I love skiing. My form is clumsy, my confidence wavers, but I absolutely love it. Chances are if you hear someone close by on the hill laughing or letting out a “whoohoo” every now and then – it is probably me. I just can’t help it.
Here it was Saturday and some friends invited me to join them for a day of skiing in St. Anton, a popular ski hill in Tirol.
One thing you have to know about skiing in Austria is that the mountains are a web of lifts and runs. When I lived in Montafon, another ski area in Austria some 10 years ago, a day of solo skiing ended with me finishing up in an unfamiliar town. So, when unaccustomed with a hill, I tend to just tag along with those who know what they are doing.
However as one gondola ride led to another, then another, along with a few chair lifts and t-bar for good measure, a sense of increasing panic began to set in. I started to wonder if I had shared my ski skill level with my companions. This anxiety was quickly compounded when one fellow asked “hey Dawn, did you get any heli-skiing in over Christmas?”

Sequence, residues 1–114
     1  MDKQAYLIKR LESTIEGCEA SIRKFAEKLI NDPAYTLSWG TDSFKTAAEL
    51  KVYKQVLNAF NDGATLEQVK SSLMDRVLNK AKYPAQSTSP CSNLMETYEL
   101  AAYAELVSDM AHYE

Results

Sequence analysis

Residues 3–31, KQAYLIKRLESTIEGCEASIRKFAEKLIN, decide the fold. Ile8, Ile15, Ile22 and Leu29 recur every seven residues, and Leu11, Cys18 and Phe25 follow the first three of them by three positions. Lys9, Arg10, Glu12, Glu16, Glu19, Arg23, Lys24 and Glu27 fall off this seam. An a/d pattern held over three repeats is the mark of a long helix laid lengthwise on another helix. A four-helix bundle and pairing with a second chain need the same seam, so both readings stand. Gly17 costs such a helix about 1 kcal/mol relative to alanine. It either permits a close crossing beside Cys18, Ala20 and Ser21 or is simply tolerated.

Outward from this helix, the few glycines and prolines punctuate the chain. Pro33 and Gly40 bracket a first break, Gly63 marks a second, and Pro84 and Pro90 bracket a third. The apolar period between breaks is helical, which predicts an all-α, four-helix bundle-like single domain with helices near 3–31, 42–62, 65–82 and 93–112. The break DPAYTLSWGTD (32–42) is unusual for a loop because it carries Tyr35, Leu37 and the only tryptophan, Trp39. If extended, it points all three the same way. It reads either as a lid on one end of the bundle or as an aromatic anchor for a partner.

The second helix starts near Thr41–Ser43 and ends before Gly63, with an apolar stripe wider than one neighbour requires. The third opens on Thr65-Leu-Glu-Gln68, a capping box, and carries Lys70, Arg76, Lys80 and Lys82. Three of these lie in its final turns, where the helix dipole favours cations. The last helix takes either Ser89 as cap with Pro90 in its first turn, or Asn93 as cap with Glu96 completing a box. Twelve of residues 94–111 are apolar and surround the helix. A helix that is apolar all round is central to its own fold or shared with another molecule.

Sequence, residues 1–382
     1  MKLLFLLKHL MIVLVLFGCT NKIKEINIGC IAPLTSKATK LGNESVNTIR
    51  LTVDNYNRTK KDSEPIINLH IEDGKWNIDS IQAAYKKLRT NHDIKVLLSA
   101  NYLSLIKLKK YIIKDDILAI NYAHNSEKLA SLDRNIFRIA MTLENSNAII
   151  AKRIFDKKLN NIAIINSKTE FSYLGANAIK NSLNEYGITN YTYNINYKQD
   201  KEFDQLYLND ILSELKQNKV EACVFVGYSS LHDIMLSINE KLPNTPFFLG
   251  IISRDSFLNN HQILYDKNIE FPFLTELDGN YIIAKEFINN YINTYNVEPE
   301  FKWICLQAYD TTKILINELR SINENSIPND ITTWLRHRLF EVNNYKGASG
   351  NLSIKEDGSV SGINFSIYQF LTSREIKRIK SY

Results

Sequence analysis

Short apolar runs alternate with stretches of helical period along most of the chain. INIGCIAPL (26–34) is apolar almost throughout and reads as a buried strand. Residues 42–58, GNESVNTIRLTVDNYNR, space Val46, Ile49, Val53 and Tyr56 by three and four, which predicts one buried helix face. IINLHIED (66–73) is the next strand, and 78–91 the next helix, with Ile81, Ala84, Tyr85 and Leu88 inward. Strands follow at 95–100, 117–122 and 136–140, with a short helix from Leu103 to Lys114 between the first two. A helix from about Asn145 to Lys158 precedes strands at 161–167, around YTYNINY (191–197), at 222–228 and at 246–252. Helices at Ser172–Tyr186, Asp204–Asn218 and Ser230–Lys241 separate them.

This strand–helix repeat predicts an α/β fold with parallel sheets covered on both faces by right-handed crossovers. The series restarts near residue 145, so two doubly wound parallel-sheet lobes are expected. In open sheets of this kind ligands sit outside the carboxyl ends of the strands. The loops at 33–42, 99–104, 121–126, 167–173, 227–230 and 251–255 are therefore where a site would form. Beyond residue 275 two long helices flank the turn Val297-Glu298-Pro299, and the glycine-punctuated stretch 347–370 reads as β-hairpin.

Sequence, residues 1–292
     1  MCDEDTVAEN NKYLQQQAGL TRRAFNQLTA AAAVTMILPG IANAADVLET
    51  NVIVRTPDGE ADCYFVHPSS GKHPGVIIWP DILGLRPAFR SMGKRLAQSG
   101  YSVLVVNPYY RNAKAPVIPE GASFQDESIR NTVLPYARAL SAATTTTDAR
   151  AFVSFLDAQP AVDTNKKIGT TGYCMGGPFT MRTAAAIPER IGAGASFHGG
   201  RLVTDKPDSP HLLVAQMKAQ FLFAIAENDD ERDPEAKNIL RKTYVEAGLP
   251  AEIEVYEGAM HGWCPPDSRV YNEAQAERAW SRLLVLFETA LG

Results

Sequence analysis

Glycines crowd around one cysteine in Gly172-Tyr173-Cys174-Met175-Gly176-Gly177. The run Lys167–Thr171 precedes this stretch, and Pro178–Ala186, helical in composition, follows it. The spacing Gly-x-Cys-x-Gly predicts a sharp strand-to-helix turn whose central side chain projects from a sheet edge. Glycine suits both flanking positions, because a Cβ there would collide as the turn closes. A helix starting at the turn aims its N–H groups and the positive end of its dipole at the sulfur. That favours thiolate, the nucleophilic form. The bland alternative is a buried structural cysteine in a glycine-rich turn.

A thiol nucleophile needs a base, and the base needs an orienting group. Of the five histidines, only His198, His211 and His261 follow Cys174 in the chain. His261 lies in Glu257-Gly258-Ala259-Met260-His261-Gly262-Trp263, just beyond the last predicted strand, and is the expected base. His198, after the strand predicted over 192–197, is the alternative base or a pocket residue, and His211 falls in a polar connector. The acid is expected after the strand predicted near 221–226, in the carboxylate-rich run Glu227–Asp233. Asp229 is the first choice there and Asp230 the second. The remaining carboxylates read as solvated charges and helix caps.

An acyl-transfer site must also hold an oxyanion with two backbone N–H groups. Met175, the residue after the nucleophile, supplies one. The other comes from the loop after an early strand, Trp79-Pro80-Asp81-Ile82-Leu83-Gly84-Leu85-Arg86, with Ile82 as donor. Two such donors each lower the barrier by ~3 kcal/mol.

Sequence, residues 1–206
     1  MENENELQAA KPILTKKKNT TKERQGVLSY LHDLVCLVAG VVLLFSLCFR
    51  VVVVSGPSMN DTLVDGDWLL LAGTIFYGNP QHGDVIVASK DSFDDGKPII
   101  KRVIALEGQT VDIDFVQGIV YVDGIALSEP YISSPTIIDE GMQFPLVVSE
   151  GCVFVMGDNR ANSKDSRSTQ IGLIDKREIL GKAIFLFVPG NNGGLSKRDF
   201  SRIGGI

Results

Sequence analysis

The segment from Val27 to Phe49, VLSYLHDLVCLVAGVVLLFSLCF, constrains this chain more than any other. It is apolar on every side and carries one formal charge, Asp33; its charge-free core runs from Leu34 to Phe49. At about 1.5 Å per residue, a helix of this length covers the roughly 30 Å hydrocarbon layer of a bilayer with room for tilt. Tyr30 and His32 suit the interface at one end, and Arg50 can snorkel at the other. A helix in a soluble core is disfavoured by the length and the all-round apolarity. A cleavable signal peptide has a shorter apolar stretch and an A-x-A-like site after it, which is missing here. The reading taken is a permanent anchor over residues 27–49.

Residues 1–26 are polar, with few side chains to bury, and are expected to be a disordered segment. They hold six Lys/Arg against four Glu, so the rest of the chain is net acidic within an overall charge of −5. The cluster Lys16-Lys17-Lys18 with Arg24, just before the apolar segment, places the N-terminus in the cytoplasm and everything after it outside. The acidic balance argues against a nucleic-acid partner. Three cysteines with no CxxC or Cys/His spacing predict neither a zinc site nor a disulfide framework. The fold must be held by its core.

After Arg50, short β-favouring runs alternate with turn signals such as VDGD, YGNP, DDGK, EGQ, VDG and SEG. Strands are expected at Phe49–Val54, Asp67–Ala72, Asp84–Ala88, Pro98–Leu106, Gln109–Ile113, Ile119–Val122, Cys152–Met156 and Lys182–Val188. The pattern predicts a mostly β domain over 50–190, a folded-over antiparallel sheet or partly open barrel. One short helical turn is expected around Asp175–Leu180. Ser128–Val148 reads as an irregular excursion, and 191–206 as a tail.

Okay, there are a few things that you need to know about the Austrians and Swiss when it pertains to skiing. They were born on skies. Where we enjoyed freezing cold snowshoe treks, these guys were doing timed ski races. But, with the popularity of heli-skiing in Canada, they all figure that a Canadian’s ski level is likely just as good – if not better than theirs.
So at this point I could conclude that my anxiety was well founded. After countless rides up I found myself looking down a mountainside and thinking, “I should have bought a helmet. At least then my head would be protected as I tumbled down the steep slope.”
But alas, I am also competitive. I followed my companions. Perhaps a bit slower, and certainly with much less grace – but I did it. Later on in the day to give me a break they took me on an easier run but I have to admit it was boring in comparison. So back to black we went.
Towards the end of the day I noticed a shift happening. As my confidence rose, my ski partners began to complain of fatigue. I started taking the lead. And frankly I cannot tell you how proud I was to be able to do that. Sometimes in life we experience an unexpected moment of satisfaction – this was certainly one for me. I’m sure my far from perfect form was a source of amusement, but that’s okay, I beat them on endurance. And sometimes, that’s all that matters...